First-Time Home Buying Could Get Easier for Some Canadians
Earlier this summer it was announced that the federal government would be taking steps to alleviate the pressure and stress that is often tied to purchasing your first home.
Starting Sept. 2, 2019, the First Time Home Buyers' Incentive program will provide first-time buyers with interest-free mortgage loans of up to 10 per cent for new builds and five per cent for existing housing stock.
This will be done through the Canada Mortgage and Housing Corporation (CMHC).
According to Ralph Goodale, Minister of Public Safety & Emergency Preparedness, the program aims to provide real help for young Canadians and middle-class families looking for a safe and affordable home.
The program will reportedly save first-time homebuyers up to $286 a month on their mortgage payments.
For example, if you wanted to buy a new home for $400,000, you could apply to receive $40,000 in a shared equity mortgage (10% of the cost of a new home) from the federal government, lowering your monthly expenses and the amount you need to borrow.
In that case, your mortgage would be $228 less a month (or $2,736 a year).
Although, there are some rules to keep in mind.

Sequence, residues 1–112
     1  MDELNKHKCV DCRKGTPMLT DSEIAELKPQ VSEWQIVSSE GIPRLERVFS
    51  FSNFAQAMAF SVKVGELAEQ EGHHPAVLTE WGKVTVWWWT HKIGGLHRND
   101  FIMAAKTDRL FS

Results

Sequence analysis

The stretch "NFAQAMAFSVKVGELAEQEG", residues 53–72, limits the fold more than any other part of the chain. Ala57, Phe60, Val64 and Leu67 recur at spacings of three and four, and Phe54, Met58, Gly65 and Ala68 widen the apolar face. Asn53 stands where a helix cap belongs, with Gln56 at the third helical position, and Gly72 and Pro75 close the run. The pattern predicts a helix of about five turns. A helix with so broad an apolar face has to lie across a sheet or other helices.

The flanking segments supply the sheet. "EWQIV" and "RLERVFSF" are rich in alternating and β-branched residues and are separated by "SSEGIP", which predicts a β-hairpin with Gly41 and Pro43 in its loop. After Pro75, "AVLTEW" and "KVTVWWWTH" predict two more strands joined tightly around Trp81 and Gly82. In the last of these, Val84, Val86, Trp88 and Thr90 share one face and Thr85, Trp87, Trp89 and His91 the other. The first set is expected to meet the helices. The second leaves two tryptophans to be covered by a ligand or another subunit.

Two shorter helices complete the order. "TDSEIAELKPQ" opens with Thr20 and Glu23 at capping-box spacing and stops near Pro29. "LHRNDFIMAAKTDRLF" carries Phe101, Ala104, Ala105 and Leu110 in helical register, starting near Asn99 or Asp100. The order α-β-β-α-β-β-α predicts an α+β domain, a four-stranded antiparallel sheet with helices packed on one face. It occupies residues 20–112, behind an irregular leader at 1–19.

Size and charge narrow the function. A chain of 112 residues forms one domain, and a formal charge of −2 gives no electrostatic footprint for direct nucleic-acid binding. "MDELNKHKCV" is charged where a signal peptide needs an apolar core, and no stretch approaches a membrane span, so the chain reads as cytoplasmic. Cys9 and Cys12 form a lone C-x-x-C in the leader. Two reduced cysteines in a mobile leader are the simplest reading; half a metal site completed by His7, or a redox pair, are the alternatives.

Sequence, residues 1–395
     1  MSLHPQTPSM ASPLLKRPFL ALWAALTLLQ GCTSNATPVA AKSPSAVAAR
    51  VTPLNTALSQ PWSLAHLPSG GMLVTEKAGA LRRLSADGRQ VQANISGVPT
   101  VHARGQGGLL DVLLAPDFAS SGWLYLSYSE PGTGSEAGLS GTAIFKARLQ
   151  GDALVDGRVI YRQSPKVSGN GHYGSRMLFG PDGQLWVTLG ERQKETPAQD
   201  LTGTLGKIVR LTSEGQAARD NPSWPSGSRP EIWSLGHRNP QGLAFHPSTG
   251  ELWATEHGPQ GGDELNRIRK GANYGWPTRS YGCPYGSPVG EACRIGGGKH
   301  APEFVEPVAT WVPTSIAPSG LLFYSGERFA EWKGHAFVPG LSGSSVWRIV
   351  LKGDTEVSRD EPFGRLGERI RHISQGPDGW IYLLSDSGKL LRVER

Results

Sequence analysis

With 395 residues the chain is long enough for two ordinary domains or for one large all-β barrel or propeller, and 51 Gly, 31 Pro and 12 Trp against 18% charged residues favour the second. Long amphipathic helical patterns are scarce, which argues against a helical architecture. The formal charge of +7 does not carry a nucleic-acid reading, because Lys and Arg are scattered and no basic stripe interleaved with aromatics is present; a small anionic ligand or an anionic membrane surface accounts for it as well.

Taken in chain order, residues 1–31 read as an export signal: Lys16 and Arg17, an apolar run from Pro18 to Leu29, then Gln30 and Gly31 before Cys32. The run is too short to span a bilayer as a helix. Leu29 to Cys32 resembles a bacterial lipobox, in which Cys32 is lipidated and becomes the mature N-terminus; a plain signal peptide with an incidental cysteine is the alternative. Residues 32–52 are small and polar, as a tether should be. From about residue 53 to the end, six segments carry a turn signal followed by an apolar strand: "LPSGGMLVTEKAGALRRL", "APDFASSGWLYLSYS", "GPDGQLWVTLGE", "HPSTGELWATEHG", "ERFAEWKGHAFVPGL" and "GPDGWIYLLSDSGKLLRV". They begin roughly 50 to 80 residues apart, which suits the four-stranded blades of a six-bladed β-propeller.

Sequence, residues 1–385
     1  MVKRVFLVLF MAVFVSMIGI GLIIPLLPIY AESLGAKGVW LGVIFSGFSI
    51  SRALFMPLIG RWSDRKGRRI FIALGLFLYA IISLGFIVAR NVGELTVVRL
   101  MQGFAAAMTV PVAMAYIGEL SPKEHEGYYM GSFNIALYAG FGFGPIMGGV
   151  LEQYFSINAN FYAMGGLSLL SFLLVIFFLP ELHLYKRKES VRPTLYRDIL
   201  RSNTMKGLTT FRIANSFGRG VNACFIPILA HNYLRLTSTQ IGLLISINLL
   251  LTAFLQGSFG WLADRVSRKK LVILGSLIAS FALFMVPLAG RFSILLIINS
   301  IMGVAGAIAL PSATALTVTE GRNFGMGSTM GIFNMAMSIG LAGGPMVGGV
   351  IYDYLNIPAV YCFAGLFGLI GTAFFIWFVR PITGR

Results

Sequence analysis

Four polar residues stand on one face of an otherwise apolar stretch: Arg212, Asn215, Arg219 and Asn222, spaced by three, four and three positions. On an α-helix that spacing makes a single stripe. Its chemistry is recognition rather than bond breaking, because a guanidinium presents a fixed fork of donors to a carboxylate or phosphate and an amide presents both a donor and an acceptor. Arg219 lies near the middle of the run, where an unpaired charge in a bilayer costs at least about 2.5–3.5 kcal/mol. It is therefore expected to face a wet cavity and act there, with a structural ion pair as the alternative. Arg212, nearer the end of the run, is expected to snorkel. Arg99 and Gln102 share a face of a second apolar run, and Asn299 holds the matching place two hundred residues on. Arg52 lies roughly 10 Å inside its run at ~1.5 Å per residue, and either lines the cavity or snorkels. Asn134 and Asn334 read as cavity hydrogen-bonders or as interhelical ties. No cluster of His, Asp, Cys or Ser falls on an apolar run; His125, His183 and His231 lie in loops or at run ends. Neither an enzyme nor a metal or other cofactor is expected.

At least one person in the household must be a first-time buyer which means, according to a recent Zoocasa blog post, they have not owned a home, dwelled in a home owned by a spouse over the last four years.
In addition, buyers are required to have a minimum five per cent down payment saved. The buyers' combined household income cannot exceed $120,000, and the mortgage-to-income ratio (MTI) cannot exceed four times their income.
With that said, the blog post has revealed some interesting facts about the program. And one of the big takeaways from the blog post is who will benefit from the program once it comes into effect.
According to the blog post, the First Time Home Buyers' Incentive (FTHBI) could be used in 19 markets out of 25.
"New analysis from Zoocasa reveals that the FTHBI may be an option in the majority of the nation's major urban centres; a study of July 2019 average prices in 25 markets across the nation finds home buyers with the maximum income of $120,000 and a 5 per cent down payment could feasibly qualify for the Incentive in 19 cities," reads the blog post. "These include markets in Eastern Canada, Quebec, and Prairies, as well as smaller urban centres in Ontario."
However, when it comes to the six markets where the average home buyer would not qualify for the incentive, readers may not be surprised. These markets include the Toronto market, and several markets within the Greater Golden Horseshoe area - such as the Hamilton-Burlington market.
"However, it's important to note that the study's calculations are based on average home prices and maximum incomes; homebuyers' ability to use the FTHBI in each city may range based on their income, size of their down payment, and the price of their desired home," notes the blog post.
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